I think that I will leave it there for this week. It has been pretty heavy stuff so far, so I may have to get some treats and watch some trashy reality TV tonight (I’ll confess that my guilty pleasure is watching keeping up with the Kardashians – don’t judge!). I’m looking forward to learning more about starting meditation in the next chapter. Have a great weekend!

Thoughts on Chapter 1, Mindfulness Solution to Pain

This is blog post number two about my journey reading The Mindfulness Solution to Pain by Dr. Jackie Gardner-Nix and Lucie Costin-Hall. In the first chapter the authors try to answer the question: why are some people more prone to disease, chronic pain or poor healing than others? The key take away from this chapter is that a combination of genetic predisposition and childhood stressors increase the probability that challenging life events in adulthood can activate illness or prolong healing. The underlying mechanism is the stress-response system, which is an important part of the mind-body connection.

Nature: Some of us are born with genes that predispose us to certain diseases, such as psoriasis or rheumatoid arthritis. However, we  may not “express” those genes unless adverse life experiences trigger them. Others may be born with a genetic makeup that makes them a “highly sensitive person”. This is based on the work of Elaine Aron, who has demonstrated a biological basis for a highly sensitive personality trait, which includes having a sensitive nervous system, being aware of subtleties in the environment and being overwhelmed in very stimulating surroundings.* Dr. Jackie Gardner-Nix argues that being highly sensitive can also mean being more sensitive to pain (supported by genetic research that shows that variations in the COMT gene can produce higher pain sensitivity in certain individuals). Furthermore, highly sensitive persons may be more negatively affected later in life by adverse events in their childhood. This discussion completely resonated with me – all my life people have told me that I’m too sensitive. Sensitive to too much light, too much noise, too many people, lack of sleep, lack of food, criticism, other people’s suffering, and now pain and touch… After I finish this book, I’d like to go on and read Elaine Aaron’s book, because I think it might explain a lot (I’m sure other chronic pain patients identify with this personality trait too).
Secondly, the authors talk about the negative physical effects of chronic stress. The stress response cycle includes increased heart rate, breathing, tensing muscles and increasing energy, while also slowing down the immune system and the gastrointestinal system. Stress can then slow healing, disrupt sleep and eventually disrupt your body’s ability to restore itself – leading to anxiety, depression, muscle tension, diarrhea and/or constipation, weight gain or loss, headaches, fatigue, and poor concentration, among other problems (Caudill, pg. 46). In turn, all these consequences of stress can worsen the perception of pain. In particular, I think that the stress – immune relationship is really important for fibromyalgia patients to keep in mind, in light of recent research that shows that people with fibromyalgia have immune depression at the cellular level.

Nurture: This book emphasizes that childhood stress is an important contributing factor to chronic pain in adulthood. This section was hard for me to read because it forced me to go back and re-examine difficult things that happened while I was young. The authors argue that childhood stressors can even affect gene expression, cause a weakened immune system or sensitize your nervous system to go on high alert “easily and frequently”. Challenging life events in childhood, parental deficiency, or poor parental role modeling can all affect a person’s ability to cope with stress as an adult. One of the core reasons is that negative emotional patterns or highly stressful thinking trigger the nervous system, and can cause a cascade of negative bodily effects through the stress response system. In my own childhood, my parents had an ugly divorce before I was five, which was characterized by loud,  angry fights, betrayals, and ultimately, nervous breakdowns. Although my parents each went on to recover and start over, the uncertainty and hostility left lasting scars. I thought I had left that all behind, and went on to become what Dr. Jackie calls the “superwoman high achiever”, determined never to make the same mistakes my parents made. Dr. Jackie says that a critical childhood caregiver can lead to this pattern of behavior. She says that the decreased function caused by an injury or disease in adulthood can, in turn, lead to anxiety about not getting ahead, causing greatly increased anxiety and heightened stress response, which can further prolong disability. This almost exactly describes my last year in which I went from starting a difficult graduate school program to crashing and burning because I tried to stick it out, even though my body was slowly falling apart due to my worsening fibromyalgia. I definitely made things worse by continuing, and causing more damage to my body – eventually getting to the point of having panic attacks because of the growing gap between what was expected and what I could do. Now I know that the high degree of anxiety was probably affecting my immune system, and impairing my ability to heal.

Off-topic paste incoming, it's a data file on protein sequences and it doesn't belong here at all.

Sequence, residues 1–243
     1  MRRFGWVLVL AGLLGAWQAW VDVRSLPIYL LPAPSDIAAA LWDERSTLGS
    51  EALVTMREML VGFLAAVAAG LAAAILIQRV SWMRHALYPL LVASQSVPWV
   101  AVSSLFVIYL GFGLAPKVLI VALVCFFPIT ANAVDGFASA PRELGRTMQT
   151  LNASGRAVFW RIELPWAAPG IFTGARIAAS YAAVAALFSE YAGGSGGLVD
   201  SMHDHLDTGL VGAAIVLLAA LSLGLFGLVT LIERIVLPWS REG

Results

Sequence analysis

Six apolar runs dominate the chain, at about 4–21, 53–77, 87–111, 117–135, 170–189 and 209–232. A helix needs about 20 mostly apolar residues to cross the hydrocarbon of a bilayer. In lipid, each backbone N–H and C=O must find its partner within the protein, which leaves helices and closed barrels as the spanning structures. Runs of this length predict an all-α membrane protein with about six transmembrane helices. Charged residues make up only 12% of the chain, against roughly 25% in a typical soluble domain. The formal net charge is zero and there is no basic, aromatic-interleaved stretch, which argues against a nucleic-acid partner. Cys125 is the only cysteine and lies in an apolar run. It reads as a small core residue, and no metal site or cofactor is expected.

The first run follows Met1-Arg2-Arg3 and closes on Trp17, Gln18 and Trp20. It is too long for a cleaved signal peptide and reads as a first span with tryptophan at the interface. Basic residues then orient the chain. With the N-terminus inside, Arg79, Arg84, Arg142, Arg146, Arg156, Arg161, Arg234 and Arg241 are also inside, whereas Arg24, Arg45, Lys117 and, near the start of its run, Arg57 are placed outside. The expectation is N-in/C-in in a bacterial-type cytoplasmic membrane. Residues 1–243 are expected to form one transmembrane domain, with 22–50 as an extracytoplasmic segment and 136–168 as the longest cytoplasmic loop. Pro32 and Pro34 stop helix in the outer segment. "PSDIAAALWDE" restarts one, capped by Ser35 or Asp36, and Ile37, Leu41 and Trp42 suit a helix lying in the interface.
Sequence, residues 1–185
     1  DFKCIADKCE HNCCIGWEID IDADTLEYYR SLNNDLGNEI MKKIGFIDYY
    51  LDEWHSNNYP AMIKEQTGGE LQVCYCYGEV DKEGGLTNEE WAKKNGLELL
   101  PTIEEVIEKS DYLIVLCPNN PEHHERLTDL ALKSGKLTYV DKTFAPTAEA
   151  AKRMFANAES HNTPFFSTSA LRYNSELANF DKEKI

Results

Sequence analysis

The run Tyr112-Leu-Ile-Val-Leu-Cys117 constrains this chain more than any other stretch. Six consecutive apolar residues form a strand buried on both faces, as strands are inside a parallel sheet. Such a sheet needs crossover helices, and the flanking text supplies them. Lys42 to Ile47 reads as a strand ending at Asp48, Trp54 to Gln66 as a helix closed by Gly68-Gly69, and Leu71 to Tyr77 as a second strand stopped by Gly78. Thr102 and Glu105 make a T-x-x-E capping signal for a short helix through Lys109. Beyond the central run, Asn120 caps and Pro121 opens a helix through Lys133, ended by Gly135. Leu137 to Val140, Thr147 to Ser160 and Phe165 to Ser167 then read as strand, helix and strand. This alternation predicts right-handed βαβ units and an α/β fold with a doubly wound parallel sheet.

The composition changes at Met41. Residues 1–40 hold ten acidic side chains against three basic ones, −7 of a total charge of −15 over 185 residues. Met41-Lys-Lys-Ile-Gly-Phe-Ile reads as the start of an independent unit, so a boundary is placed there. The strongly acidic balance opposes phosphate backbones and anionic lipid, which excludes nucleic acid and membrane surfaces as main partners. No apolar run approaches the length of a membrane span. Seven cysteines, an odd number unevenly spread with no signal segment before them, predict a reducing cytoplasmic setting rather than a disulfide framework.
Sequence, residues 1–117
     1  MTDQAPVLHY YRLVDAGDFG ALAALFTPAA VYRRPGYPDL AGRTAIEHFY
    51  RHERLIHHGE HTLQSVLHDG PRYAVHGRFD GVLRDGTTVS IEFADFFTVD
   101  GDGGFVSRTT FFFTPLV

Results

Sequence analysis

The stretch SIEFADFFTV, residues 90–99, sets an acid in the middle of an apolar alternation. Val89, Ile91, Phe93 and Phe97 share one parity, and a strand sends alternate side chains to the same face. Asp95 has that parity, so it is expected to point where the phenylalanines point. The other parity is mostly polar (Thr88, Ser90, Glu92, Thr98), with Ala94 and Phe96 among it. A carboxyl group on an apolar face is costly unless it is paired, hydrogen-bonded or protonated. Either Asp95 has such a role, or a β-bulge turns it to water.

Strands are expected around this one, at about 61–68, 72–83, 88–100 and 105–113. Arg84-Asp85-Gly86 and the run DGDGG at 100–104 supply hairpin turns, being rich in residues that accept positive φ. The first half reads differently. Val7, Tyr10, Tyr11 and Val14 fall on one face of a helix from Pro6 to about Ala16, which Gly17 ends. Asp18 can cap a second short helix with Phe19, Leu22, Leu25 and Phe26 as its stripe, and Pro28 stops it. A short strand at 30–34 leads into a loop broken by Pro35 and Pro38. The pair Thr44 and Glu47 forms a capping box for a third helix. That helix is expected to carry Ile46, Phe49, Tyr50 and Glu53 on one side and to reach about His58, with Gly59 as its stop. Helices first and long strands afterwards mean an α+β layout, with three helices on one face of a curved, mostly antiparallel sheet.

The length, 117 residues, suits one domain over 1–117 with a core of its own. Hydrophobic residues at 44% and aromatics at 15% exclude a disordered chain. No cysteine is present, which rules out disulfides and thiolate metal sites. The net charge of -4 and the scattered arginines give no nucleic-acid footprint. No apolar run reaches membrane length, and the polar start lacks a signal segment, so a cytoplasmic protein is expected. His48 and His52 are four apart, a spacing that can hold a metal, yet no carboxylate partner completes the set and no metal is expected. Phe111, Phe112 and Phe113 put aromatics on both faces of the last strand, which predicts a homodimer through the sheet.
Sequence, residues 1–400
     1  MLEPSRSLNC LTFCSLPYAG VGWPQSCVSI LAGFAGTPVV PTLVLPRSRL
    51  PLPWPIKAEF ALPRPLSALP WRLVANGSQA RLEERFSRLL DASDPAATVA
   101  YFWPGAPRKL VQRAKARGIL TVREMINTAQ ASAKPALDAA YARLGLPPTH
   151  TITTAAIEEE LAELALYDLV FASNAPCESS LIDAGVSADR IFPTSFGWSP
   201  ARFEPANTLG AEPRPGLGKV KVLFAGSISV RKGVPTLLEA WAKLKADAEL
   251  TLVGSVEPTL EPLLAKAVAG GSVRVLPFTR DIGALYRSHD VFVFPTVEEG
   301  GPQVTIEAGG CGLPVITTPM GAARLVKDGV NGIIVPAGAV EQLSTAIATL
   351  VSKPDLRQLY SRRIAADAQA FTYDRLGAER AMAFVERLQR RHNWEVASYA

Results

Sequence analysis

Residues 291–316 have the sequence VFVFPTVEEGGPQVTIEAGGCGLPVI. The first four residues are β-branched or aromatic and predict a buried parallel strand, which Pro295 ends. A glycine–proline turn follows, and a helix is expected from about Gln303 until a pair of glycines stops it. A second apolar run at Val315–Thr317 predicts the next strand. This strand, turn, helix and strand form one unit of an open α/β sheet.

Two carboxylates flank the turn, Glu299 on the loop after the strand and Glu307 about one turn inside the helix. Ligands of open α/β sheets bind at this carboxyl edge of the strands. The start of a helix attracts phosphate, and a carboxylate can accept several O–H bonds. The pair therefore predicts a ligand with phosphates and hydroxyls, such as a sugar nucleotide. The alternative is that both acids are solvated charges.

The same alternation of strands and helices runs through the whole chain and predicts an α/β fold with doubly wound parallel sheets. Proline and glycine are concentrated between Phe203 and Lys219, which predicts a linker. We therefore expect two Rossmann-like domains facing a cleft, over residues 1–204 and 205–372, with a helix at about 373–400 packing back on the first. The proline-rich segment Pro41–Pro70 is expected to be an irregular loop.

The book explains that mindfulness can help to repair the mind-body connection by helping you to manage stress and overcome negative emotional patterns of thought. I can’t wait to begin to learn these tools and a little bit more about what mindfulness means. Hopefully my blog post will be more about my personal experiences, and less about summarizing in the near future!

Caudill, Margaret A. (2009). Managing Pain Before it Manages You. TheGuilford Press: New York, New York.

Gardner-Nix, Jackie & Lucie Costin-Hall. (2009). The Mindfulness Solution to Pain. New Harbinger Publications: Oakland, CA.